Life After Fleetwood Mac Face the music, fans: Lindsey Buckingham finds the solo life good

January 17, 1993|By J.D. Considine | J.D. Considine,Pop Music Critic

What is it about rock group reunions that so tantalizes fans and so traumatizes stars?

When it was announced earlier this month that the members of Fleetwood Mac would reunite to perform for the Clinton inauguration, the official story was that the group's gesture was in response to Clinton's use of "Don't Stop" as a campaign anthem.

But for many fans, the prospect of seeing this group together again -- Lindsey Buckingham, Stevie Nicks, Christine McVie, John McVie and Mick Fleetwood, the same five musicians whose 1977 release, "Rumours," spent 31 weeks at the top of the album charts -- is the ultimate in pop music wish-fulfillment, a perfect chance to recapture the past.

Lindsey Buckingham understands. Buckingham left the band in 1987 (Nicks and Christine McVie followed three years later), and by his own admission is far more excited at the prospect of touring behind his current solo album, "Out of the Cradle," than he is over playing with Fleetwood Mac again.

But despite the fact that he has no intention of extending this reunion beyond a one-song, one-shot appearance at the televised presidential gala on Tuesday, he knows how the fans feel.

"You can't divorce the audience from the people making the music," he said, over the phone from his Los Angeles home. "People just want to regain moments that they've lost, moments that have meaning, have aspects of religion to them that they will never be able to get back. And that's just the way things are."

At the same time, however, no amount of fan enthusiasm can undo the sort of musical divorce that occurs when a popular group breaks up. And that certainly seems the case for Fleetwood Mac.

True, Buckingham did participate in the production of "The Chain," the four-CD Fleetwood Mac retrospective released late last year. But, he says, "The box set doesn't represent anything in terms of a reunion, other than maybe me having to see Mick or John or Stevie in order to deal with some of the material that got on there.

"Stevie wanted me to help with something of hers, so I spent some nights with her going through material, and we came up with something. And I gave them a track of mine that didn't make it on 'Out of the Cradle,' so that was something that was just sitting in my garage.

"But I wasn't involved at all with the songs of Christine. I haven't even heard those. That's how much of a reunion it was."

Band politics

Though Buckingham says this evenly enough, it's not hard to sense the bitterness beneath his words. Neither is he the only one for whom the inner politics of Fleetwood Mac is a sore point.

In a 1991 interview, Stevie Nicks stated that she was in the midst of "the most serious argument I've ever had with Mick Fleetwood in my life."

What was her beef? She wouldn't give specifics but said: "It's over a pretty serious thing. He won't give in and I feel it's unfair, since he's not considering my feelings and I've always considered his. For that reason, for the first time in my life, I can actually say, 'No, I'm not going to go on tour with them or work with them.' Not them, but him, because he's done something that is unforgivable."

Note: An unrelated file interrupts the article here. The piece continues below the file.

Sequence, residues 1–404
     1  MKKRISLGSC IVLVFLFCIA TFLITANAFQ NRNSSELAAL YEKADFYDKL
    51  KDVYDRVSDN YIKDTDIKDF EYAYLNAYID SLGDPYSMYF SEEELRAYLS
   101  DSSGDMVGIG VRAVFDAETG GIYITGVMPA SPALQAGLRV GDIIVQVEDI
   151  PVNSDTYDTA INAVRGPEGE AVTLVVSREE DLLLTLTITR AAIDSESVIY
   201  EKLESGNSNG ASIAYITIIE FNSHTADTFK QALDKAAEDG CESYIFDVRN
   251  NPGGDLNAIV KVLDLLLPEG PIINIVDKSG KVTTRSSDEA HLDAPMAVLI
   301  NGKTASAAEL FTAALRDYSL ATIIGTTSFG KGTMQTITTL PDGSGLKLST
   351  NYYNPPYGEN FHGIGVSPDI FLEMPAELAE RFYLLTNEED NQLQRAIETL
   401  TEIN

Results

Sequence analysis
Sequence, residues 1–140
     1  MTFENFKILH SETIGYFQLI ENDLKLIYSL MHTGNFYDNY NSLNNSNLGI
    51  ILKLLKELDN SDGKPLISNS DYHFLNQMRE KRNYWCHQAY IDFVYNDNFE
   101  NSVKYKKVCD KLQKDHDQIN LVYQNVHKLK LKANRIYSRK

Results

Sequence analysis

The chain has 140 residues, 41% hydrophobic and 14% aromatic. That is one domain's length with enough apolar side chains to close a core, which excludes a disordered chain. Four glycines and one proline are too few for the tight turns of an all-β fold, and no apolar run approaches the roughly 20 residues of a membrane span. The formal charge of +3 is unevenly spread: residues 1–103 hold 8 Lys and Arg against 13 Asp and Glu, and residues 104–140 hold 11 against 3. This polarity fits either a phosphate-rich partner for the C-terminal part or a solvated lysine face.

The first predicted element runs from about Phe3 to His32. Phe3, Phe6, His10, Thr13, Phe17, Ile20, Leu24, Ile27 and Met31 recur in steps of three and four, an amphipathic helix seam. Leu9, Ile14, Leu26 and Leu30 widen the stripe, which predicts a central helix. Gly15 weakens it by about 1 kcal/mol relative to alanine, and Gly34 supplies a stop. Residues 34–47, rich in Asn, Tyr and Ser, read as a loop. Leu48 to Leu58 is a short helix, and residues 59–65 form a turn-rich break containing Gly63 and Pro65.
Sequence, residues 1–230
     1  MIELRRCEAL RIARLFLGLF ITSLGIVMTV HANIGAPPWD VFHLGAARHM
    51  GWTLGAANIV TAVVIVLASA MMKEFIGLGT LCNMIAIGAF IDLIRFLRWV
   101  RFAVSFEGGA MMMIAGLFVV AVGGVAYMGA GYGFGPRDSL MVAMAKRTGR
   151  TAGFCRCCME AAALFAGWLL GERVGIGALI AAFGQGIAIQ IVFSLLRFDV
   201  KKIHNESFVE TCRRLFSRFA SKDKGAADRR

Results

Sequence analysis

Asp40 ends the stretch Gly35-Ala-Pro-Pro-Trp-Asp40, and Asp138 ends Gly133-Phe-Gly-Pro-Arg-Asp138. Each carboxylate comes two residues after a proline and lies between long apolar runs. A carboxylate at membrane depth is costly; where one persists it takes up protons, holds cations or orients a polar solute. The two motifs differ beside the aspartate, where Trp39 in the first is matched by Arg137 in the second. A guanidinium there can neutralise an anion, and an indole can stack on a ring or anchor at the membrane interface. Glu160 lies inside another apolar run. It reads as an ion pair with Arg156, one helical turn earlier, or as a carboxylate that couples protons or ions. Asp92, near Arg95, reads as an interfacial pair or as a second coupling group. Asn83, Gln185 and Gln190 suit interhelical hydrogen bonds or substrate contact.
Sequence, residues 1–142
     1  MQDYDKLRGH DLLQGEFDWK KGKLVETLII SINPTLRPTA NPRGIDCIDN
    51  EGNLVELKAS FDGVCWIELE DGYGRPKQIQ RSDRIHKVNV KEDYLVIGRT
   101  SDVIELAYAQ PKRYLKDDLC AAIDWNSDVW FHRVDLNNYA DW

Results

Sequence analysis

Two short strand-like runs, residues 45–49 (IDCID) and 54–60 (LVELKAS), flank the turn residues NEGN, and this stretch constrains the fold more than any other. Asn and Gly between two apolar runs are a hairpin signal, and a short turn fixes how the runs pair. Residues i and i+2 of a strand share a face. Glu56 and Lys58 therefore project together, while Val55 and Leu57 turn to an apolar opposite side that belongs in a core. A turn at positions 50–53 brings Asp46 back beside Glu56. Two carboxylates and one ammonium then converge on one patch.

Asked if Nicks is still feuding with Fleetwood, Buckingham said, "She still is."

But, he adds, that shouldn't be too surprising, because such fights are just as much a part of the bandmembers' emotional intensity as the music they made together.

"One of the things that made us what we were was the chemistry, and that same chemistry is what makes something fly apart, and makes it hard to sort of patch up," he said. "But having left, and put some distance between myself and the group, I think I am able to appreciate, say, Stevie's struggle a little more. Just be a little wiser about it, which was something I really couldn't do [while I was in the band]. You would think after eight, nine years, that you could, but it's hard.

"So that helped me to move on to the next thing. And Mick, who maybe three years ago was not in very good shape -- just between you and me, although I suppose it's not exactly privileged knowledge -- and was embarrassing people and hurting people by writing trashy books, has since kind of gotten it together, and has apologized to me for the book and the inaccuracies in it.

A sense of closure

"That kind of turnaround made it clear to me that there has been some growth, not just from me but from other people. That was sort of a more healthy sense of closure, and I think that in a way, maybe everyone's thinking that this will be even a nicer sense of closure. That's my interpretation."

As such, Buckingham expects that despite their lingering resentments, he and his former band mates will have no trouble sounding like a band again on Tuesday. "Oh, sure," he says. "We're not doing a set, we're just doing one song. We're not going to rehearse, even; we'll just go in and do a sound check. We can do this in our sleep. I don't see it as much of a problem."

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